SOMC’s Trinidad Offering Reverse Shoulder ReplacementPosted on July 18, 2007

SOMC orthopaedic surgeon Gerardo Trinidad, MD, discusses a reverse shoulder prosthesis model with a colleague

When Dot Goodman started trimming the bushes around her home one day two years ago it was a challenge, and resulted in a shoulder problem that took the work of a local surgeon using a new procedure to correct.

“It was hard but I was bound and determined to get it done,” she says. “Then I tore my rotator cuff.”

In a healthy patient’s shoulder, the upper arm bone (humerus) ends in a ball shape, which fits into a socket formed by the shoulder blade (scapula). Together, this ball and socket create the shoulder. The rotator cuff muscles are one of the prime movers of the shoulder, holding it intact and allowing it to bend and function normally.

Goodman saw Gerardo Trinidad, MD, an orthopaedic surgeon on staff at Southern Ohio Medical Center. He performed a surgery to repair it, then sent her through physical therapy.

However, only partially through her therapy, Goodman had to stop because of heart surgery, and after she recovered, had to start over with her shoulder.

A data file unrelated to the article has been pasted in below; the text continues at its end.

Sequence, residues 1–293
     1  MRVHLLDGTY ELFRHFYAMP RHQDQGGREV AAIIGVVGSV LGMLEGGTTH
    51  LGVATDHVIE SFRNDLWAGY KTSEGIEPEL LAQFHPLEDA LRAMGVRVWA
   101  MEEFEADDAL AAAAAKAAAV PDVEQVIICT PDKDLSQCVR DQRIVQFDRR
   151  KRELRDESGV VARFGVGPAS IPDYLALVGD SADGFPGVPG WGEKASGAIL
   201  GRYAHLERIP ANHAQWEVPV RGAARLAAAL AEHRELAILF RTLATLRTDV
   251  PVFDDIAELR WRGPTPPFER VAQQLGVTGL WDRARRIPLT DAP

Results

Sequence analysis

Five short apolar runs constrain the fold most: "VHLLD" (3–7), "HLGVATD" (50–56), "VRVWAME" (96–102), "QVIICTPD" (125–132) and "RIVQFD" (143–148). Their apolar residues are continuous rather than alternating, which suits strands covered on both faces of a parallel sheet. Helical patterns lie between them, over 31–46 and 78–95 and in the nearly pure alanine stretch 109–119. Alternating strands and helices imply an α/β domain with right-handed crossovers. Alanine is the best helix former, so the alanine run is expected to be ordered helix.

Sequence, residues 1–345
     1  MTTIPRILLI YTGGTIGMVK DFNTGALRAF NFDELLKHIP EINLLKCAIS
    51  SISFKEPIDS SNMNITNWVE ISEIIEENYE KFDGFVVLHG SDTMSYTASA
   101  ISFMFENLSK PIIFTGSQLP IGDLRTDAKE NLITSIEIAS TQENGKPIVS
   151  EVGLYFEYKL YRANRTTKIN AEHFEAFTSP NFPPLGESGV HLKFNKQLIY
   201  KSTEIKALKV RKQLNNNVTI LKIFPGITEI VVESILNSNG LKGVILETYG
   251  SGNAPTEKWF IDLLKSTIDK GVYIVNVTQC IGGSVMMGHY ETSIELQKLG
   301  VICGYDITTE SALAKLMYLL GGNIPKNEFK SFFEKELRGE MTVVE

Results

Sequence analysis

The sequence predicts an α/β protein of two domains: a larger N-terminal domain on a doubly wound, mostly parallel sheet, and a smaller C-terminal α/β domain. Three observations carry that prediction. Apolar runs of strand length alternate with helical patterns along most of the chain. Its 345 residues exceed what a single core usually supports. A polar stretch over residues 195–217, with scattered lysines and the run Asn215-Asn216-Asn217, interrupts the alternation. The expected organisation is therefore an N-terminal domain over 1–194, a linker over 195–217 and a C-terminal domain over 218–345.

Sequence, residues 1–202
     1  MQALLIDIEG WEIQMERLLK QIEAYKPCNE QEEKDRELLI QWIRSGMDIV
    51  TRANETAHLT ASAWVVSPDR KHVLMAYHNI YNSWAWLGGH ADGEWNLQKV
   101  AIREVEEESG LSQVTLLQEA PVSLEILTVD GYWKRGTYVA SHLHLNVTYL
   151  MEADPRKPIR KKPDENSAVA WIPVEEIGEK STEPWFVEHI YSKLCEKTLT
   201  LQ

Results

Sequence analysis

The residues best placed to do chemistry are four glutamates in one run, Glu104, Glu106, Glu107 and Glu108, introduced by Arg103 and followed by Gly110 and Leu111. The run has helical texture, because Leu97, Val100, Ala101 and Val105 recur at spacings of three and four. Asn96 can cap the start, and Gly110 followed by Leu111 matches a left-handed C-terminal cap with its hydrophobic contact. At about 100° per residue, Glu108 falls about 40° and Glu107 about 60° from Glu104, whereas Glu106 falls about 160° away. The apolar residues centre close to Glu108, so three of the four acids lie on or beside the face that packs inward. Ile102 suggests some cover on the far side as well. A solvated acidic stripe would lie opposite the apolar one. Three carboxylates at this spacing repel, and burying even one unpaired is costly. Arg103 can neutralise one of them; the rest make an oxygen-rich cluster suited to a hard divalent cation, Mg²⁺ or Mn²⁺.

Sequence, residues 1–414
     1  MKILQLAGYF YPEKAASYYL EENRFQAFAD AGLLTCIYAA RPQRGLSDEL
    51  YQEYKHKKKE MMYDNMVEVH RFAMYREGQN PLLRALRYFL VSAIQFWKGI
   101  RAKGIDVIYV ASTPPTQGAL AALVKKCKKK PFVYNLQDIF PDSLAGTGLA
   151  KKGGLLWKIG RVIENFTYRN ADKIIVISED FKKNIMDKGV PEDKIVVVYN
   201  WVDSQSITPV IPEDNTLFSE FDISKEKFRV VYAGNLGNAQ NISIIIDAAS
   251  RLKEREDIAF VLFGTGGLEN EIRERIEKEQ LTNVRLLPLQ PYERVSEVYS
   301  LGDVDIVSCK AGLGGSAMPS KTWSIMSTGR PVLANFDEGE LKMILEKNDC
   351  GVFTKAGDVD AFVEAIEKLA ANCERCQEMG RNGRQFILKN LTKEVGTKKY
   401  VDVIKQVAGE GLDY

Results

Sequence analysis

“I was in a lot of pain, and Dr. Trinidad wanted to use this new procedure that takes away the pain, and it did,” she says.

“Reverse Total Shoulder Replacement Surgery is mainly used on those suffering from a weakening of the rotator cuff muscles,” Dr. Trinidad explains. “This can be caused by disease, arthritis or, in Mrs. Goodman’s case, previous shoulder injuries that cause a lot of pain.”

The reversal procedure is used instead of a conventional shoulder replacement due to the lack of a functioning rotator cuff in the patient. The Reverse Total Shoulder Replacement Surgery essentially reverses the alignment of the original ball and socket by attaching a prosthetic ball to the scapula and a prosthetic cup (socket) at the upper end of the humerus.

“The surgery changes the center of rotation for the shoulder, allowing movement up and out,” Dr. Trinidad says. “By reversing the ball and socket locations, deltoid and other muscles are able to act in unison to compensate for the lack of a rotator cuff.”

“I’ve had hardly any pain,” Goodman says. “I can’t lift it straight up, but I can get it fairly high, and it’s just amazing how much better I feel.”

“We’re very excited here at SOMC to be able to use this approach to reducing pain and helping patients get back to living an active life,” Dr. Trinidad says.

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